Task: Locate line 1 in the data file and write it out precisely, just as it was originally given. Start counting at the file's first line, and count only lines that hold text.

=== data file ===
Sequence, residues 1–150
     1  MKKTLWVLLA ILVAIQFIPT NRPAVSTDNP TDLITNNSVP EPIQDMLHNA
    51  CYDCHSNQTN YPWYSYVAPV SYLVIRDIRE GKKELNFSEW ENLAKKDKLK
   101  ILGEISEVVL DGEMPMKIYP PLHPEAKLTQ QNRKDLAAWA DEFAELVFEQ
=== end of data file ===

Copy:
Sequence, residues 1–150